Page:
USA: ‘Targeted killing’ policies violate the right to life

Report
June 15, 2012

USA: ‘Targeted killing’ policies violate the right to life

A series of speeches over the past two years by officials from the administration of President Barack Obama, and an article published in the New York Times on 29 May 2012, have revealed some details of the purported legal rationale for current policies and practices of the United States of America (USA) in the deliberate killing of terrorism suspects, including far from any recognized battlefield, and particularly through the use of unmanned aerial vehicles (popularly known as drones). The picture slowly emerging gives grounds to conclude that US polices and practices are unlawful, violating the fundamental human right not to be arbitrarily deprived of one’s life.

While some of the killings in question, if conducted in the context of specific armed conflicts, for instance in Afghanistan or at some times in some parts of Pakistan, Yemen or Somalia, may not violate international human rights or international humanitarian law, the policy appears also to permit extrajudicial executions in violation of international human rights law, virtually anywhere in the world. Among the particular concerns of Amnesty International are:

  • the administration's continued reliance on a "global war" legal theory that treats the entire world as a battlefield between the USA and armed groups, on which lethal force may apparently be used without regard to human rights standards;
  • the administration’s invocation of the right to use force in self-defence to justify the deliberate killing of virtually anyone suspected of involvement of any kind in relation to a range of armed groups and/or terrorism against the USA, particularly through the adoption of a radical re-interpretation of the concept of "imminence";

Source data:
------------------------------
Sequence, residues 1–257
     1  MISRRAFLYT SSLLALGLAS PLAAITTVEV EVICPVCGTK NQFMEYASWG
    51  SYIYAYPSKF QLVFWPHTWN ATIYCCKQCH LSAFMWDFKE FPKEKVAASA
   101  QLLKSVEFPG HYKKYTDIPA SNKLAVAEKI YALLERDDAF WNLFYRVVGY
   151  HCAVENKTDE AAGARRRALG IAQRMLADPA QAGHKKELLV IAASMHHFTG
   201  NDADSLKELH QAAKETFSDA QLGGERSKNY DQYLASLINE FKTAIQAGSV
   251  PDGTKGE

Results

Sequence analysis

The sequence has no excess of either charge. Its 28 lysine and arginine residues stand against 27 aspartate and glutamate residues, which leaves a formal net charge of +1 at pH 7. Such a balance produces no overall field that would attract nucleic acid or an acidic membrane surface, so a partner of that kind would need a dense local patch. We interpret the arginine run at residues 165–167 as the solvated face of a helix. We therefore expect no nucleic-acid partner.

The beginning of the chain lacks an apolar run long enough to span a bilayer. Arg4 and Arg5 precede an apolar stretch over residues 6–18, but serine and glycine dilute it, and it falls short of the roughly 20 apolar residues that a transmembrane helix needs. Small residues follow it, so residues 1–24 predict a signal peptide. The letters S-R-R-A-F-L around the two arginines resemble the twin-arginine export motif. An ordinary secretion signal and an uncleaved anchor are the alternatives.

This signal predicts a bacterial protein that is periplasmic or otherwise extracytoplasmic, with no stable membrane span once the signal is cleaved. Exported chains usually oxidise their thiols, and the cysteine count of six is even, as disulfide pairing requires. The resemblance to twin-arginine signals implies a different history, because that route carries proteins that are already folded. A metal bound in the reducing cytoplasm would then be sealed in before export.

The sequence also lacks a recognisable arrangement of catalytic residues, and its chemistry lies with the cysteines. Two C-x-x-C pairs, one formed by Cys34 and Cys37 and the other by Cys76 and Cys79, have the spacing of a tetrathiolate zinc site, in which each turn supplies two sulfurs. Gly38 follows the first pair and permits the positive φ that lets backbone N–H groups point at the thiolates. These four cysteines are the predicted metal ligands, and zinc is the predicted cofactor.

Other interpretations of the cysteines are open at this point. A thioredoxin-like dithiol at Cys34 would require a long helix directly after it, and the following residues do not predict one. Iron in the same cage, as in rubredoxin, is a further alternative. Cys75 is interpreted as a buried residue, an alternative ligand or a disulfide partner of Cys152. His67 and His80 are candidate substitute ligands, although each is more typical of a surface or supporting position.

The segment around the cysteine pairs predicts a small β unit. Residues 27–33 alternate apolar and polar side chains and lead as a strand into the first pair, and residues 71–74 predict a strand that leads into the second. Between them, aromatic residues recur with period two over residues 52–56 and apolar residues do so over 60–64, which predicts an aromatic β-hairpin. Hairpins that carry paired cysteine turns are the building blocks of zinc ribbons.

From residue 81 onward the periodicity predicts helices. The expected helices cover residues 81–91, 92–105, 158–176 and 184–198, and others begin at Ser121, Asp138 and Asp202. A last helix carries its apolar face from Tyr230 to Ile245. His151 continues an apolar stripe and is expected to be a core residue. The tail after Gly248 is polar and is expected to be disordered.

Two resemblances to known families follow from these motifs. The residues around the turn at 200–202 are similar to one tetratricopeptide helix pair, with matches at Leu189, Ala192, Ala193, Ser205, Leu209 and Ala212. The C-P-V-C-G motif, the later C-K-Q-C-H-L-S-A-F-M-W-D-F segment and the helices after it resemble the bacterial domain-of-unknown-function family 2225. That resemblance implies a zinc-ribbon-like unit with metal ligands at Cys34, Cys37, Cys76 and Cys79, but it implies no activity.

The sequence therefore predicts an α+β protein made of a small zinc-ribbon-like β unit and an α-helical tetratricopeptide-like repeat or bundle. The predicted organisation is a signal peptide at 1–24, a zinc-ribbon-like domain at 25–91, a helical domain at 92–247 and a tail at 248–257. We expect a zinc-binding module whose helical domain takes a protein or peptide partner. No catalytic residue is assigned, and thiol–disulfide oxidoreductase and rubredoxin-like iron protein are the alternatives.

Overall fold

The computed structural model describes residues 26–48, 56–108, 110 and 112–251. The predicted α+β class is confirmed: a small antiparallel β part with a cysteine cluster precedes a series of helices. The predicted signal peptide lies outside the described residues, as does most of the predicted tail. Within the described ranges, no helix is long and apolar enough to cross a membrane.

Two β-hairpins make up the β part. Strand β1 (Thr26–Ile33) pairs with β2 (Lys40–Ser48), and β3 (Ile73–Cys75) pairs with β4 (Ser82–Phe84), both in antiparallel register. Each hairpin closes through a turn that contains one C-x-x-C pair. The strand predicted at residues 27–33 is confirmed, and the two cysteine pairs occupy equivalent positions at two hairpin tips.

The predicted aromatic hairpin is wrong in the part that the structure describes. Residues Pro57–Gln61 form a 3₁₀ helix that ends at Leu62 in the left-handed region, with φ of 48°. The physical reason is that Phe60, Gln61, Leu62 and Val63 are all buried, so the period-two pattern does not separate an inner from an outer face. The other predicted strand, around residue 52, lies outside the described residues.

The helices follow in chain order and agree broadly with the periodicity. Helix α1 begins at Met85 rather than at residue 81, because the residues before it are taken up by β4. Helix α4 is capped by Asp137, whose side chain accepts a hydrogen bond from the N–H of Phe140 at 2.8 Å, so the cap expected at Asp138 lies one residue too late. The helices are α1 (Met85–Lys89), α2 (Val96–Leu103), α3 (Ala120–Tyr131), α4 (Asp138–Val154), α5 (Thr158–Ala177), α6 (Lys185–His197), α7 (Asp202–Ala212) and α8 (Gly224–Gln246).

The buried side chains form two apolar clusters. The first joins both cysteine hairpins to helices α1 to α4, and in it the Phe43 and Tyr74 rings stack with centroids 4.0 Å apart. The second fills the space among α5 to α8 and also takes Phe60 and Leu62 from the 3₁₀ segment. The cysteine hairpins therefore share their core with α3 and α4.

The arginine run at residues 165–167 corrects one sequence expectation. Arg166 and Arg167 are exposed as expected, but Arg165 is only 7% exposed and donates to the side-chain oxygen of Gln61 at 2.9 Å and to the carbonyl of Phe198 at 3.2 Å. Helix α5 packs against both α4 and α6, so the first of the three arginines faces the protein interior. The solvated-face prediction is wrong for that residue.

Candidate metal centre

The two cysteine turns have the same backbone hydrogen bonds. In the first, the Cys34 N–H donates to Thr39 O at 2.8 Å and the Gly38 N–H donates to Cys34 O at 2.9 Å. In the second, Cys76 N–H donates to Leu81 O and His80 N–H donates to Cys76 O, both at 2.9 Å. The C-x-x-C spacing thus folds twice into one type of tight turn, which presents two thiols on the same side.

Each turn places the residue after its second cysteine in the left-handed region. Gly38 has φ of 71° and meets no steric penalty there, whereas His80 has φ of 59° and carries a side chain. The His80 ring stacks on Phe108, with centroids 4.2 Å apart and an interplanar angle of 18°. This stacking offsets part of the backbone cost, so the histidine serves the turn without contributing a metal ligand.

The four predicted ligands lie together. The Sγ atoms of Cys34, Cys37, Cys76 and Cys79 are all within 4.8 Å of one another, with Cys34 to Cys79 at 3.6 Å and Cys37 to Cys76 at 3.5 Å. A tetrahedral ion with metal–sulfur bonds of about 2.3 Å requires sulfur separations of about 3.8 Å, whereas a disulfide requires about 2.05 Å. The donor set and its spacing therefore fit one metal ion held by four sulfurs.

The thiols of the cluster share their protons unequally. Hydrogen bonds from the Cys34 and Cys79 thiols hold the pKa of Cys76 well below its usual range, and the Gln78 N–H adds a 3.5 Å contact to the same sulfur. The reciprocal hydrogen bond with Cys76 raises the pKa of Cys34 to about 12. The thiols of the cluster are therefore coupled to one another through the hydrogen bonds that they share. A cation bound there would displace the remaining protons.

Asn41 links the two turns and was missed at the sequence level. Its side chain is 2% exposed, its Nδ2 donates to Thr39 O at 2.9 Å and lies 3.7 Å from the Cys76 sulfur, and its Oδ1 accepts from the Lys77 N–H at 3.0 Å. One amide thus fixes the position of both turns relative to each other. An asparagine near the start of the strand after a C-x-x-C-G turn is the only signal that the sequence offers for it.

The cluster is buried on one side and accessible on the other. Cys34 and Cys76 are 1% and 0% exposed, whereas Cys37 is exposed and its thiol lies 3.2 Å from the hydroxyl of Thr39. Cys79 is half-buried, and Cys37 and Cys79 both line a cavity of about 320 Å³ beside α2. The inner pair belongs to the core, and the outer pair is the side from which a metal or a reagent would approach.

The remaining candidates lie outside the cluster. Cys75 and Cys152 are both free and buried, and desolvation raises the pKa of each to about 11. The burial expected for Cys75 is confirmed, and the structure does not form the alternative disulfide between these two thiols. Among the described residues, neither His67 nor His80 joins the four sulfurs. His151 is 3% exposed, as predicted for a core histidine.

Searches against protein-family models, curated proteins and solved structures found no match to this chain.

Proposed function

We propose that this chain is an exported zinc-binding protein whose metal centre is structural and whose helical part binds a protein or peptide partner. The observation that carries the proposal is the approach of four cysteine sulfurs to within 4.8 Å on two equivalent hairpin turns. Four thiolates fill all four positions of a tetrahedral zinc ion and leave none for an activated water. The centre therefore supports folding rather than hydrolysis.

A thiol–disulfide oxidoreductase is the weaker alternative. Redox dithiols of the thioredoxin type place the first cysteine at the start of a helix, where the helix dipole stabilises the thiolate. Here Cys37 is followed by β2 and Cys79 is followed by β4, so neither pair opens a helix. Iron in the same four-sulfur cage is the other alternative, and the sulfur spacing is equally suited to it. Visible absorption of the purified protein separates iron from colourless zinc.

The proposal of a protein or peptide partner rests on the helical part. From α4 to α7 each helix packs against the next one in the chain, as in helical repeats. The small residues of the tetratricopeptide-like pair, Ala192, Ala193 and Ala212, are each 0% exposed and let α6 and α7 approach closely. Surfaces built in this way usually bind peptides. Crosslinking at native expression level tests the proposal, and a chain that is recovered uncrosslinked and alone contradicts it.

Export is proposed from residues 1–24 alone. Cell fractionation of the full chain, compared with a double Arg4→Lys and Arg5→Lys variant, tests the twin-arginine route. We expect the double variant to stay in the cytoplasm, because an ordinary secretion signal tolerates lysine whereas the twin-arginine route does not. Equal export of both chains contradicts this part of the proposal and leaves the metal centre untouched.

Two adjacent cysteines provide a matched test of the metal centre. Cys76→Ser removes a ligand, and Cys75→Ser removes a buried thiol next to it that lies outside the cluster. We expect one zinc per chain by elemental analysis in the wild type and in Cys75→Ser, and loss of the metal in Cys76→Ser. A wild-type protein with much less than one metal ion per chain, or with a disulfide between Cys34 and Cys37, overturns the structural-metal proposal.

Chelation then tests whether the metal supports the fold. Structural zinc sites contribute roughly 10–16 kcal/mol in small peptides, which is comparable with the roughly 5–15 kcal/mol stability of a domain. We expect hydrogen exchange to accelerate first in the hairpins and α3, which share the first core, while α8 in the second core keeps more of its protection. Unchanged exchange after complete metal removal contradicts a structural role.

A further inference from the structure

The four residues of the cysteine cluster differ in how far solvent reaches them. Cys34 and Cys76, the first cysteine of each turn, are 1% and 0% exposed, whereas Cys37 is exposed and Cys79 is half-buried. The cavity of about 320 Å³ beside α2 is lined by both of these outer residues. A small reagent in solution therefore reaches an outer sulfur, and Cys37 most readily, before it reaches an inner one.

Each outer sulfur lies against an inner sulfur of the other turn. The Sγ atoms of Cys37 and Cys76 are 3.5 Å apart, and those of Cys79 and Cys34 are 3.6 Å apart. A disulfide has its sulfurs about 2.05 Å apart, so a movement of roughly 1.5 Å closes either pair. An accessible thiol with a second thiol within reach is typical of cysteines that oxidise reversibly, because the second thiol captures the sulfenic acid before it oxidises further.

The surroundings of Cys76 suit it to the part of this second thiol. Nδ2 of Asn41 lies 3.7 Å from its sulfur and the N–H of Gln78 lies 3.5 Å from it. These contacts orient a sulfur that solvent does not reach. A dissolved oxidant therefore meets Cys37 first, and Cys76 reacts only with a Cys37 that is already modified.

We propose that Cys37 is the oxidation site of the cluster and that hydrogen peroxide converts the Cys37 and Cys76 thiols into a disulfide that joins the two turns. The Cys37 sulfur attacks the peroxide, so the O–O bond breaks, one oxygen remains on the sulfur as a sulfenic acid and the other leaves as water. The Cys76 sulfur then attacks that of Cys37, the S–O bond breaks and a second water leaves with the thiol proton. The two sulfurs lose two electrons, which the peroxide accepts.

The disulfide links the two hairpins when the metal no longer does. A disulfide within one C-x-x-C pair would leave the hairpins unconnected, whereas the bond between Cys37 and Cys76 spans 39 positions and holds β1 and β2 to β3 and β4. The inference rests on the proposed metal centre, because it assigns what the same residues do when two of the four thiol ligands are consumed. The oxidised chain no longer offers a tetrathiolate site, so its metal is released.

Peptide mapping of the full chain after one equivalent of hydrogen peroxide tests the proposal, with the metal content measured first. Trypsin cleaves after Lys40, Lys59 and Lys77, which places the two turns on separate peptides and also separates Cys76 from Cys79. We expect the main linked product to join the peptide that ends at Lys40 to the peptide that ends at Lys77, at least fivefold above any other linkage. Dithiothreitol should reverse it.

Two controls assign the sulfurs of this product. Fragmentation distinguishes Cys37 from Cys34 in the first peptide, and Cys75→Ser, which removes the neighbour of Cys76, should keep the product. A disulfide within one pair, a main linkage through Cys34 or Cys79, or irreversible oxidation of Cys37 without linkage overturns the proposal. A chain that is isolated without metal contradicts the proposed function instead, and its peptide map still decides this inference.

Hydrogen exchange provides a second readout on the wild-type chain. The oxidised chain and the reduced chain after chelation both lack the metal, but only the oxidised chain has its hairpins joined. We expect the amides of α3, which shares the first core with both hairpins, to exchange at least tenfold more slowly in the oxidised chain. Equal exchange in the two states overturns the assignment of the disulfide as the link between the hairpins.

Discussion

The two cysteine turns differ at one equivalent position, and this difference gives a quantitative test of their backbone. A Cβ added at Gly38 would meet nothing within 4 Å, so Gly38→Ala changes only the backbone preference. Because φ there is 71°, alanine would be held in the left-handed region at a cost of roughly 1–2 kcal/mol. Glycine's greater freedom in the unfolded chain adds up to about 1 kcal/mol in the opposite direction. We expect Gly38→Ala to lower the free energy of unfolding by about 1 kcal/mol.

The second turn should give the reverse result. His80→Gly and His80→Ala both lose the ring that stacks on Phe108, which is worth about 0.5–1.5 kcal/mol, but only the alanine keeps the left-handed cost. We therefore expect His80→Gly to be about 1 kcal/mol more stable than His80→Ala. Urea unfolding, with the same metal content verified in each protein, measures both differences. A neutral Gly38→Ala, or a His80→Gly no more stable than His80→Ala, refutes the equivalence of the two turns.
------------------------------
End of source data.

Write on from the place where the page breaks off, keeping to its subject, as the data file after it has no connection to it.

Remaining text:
• reports that a "guilty until proven innocent" approach is taken to military-age males who are killed by a strike, even if there is no specific evidence that they were directly participating in hostilities in a specific armed conflict;
  • the fact that key factual and legal details of the killing programme remain shrouded in secrecy.
  • These aspects of US policy and practice are not only of concern in their own right: they also weaken the credibility of the USA as an advocate for respect for human rights by other states; they set dangerous precedents that other states may exploit to avoid responsibility for their own unlawful killings; and if unchecked there is a real risk that the US “global war” doctrine will further corrode the foundations of the international framework for protection of human rights. There has also been widespread speculation that current US policies and practices with respect to such killings may inadvertently be building support for the very armed groups and terror attacks that US officials say provide its justification.

Amnesty International calls on all states to refrain from the unlawful use of lethal force, including against individuals suspected of terrorism, and to cooperate, bilaterally and through intergovernmental organizations, to ensure that those responsible for the 11 September 2001 attacks in the USA, and for planning or carrying out attacks of a similar nature, are brought to justice for their crimes in fair and public trials without recourse to the death penalty.

Amnesty International calls on the US administration, Congress and the courts to: